Photo: Action Sports Photography, Inc.

Rare Error by Dixon at Detroit Marks First DNF Since 2017

By Luis Torres, Staff Writer

It’s rare when an elite caliber of a driver like five-time NTT IndyCar Series champion Scott Dixon commits an error. More so if it meant the end of his race, as was the case in Saturday’s 75-minute Chevrolet Detroit Grand Prix in Belle Isle Park.

With over 31 minutes remaining, Dixon was running in third and poised of turning things around after a disappointing 17th place result in the Indianapolis 500 last Sunday. That all changed once Dixon entered Turn 6 when he clipped the inside wall, resulting his No. 9 PNC Bank Honda going into the tire barriers and finishing 22nd.

Dixon’s car was terminally damaged and for the first time since being collected in a huge multi-car crash at Texas Motor Speedway in 2017, the defending champion failed to finish the race. It also marked his first last-place finish since Mid-Ohio in 2016, where he had a suspension failure 44 races ago. Furthermore, it’s only the 17th time in 310 Indy car starts where Dixon finished 22nd or worse.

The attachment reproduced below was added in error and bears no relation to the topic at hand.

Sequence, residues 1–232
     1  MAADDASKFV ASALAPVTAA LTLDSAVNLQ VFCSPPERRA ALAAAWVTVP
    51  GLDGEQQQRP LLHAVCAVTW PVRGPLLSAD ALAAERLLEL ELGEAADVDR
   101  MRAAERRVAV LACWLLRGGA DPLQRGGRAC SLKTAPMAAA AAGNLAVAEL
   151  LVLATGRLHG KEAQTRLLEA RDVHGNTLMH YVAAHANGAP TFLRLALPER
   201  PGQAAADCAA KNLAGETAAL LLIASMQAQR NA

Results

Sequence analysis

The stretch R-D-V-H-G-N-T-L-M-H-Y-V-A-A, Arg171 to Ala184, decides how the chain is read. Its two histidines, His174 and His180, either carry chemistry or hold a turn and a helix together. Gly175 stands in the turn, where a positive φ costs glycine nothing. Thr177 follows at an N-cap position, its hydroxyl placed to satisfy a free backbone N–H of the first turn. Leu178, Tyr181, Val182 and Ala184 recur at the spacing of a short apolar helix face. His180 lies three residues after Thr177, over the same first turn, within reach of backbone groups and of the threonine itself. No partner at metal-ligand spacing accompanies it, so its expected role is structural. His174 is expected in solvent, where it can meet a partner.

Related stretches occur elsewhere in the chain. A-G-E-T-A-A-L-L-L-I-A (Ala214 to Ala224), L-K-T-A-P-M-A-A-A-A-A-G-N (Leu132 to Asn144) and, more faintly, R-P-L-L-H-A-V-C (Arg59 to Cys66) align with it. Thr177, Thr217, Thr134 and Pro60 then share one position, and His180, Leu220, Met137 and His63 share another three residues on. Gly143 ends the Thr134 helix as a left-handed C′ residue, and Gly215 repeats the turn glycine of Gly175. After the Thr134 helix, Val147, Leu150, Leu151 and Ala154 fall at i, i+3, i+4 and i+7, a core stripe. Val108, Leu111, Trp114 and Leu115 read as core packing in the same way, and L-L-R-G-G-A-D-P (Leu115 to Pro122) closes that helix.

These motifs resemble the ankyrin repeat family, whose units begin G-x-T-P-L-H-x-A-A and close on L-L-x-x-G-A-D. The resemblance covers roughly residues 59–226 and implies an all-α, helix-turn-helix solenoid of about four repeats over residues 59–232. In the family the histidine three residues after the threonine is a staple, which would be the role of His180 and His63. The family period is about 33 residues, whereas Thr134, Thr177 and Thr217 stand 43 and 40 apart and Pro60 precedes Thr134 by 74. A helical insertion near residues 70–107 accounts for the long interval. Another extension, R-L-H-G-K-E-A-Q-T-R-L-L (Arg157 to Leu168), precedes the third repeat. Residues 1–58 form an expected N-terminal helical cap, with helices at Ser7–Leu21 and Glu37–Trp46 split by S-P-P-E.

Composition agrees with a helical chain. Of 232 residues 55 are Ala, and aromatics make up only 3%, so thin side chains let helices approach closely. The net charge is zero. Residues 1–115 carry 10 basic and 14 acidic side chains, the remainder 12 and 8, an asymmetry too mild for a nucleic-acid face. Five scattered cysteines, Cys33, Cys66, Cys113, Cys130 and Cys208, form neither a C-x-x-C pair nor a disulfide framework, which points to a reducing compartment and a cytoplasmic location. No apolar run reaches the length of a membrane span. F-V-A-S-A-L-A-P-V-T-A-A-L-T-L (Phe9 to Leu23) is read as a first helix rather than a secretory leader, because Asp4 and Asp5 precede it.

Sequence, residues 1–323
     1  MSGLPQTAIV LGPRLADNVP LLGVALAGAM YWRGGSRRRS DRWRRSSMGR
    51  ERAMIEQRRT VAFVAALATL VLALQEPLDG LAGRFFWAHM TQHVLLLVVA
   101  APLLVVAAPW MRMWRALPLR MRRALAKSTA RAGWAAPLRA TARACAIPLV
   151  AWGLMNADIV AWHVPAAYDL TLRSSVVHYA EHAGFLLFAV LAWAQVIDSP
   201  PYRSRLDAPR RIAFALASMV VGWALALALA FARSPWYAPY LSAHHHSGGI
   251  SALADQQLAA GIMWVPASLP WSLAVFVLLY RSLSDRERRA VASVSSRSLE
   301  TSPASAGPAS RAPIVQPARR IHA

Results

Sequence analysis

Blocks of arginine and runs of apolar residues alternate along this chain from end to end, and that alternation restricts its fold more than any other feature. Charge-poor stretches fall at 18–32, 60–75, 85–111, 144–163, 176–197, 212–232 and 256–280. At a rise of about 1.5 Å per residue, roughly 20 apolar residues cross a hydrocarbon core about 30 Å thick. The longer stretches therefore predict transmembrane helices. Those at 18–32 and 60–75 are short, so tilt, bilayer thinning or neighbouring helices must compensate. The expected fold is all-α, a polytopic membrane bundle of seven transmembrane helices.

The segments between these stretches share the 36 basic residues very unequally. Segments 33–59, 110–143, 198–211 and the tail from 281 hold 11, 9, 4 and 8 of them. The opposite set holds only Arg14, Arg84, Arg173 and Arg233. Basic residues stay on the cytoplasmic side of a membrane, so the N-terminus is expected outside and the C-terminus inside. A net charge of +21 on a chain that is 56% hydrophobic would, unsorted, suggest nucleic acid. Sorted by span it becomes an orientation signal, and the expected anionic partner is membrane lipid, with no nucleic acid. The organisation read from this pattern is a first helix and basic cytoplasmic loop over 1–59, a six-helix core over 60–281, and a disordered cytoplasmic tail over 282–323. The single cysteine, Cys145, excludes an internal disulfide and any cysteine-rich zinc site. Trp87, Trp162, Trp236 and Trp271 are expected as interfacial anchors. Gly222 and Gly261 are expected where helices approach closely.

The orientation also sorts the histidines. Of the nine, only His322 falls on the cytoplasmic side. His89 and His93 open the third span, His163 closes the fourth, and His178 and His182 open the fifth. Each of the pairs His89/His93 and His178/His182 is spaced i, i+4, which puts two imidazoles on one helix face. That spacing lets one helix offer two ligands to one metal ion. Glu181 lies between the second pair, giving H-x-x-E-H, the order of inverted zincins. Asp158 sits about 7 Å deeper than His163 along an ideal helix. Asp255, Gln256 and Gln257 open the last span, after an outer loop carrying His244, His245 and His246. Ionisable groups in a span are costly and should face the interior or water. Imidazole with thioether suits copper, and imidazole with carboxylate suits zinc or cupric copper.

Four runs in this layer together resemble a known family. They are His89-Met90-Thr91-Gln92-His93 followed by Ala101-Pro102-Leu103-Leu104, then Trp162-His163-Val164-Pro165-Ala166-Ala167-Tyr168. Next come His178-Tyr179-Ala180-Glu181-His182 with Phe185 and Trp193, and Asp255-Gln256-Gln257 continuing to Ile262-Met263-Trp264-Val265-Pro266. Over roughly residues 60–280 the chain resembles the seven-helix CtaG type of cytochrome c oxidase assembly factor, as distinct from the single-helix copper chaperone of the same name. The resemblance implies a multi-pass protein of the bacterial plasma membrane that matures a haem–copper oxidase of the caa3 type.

The man who entered the first Belle Isle race tied with Takuma Sato for fourth in the championship battle, said it was a driving error on his part that ended his afternoon.

“I caught the inside wall in Turn 6 and just clipped it,” said Dixon. “It broke the toe length straight away and drove straight into the wall. I feel bummed for the guys. We’ve been working extremely hard and had some tremendous speed. It was just a driver error.”

Despite finishing last, Dixon will enter tomorrow’s second race at Belle Isle fifth in points, but now 92 points behind points leader and race winner Josef Newgarden.

He further described the damaged Chip Ganassi Racing entry being un-salvageable to bring back in to the pits as he was the first of two drivers who retired due to contact with the barriers. The other being Matheus Leist when he hit the Turn 7 barriers several minutes later.

“I think the steering rack was broken, the toe length on the right front and even the suspension on the left,” Dixon explained. “It went pretty deep into the tire wall. There was no driving that one out of it.”

Dixon will put his eighth career last-place finish (seven in INDYCAR and one in CART) behind him and prepare for qualifying tomorrow at 10:30 am EST. Coverage of the second Chevrolet Detroit Grand Prix will begin at 3:00 pm EST on NBC. The race will be 70 laps.

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From the Pacific Northwest, Luis is a University of Idaho graduate with a Bachelor's degree in Broadcasting and Digital Media and a three-time National Motorsports Press Association award winner in photography. Ever since watching the 2003 Daytona 500, being involved in auto racing is all he's ever dreamed of doing. Over the years, Luis has focused on writing, video and photography with ambitions of having his work recognized.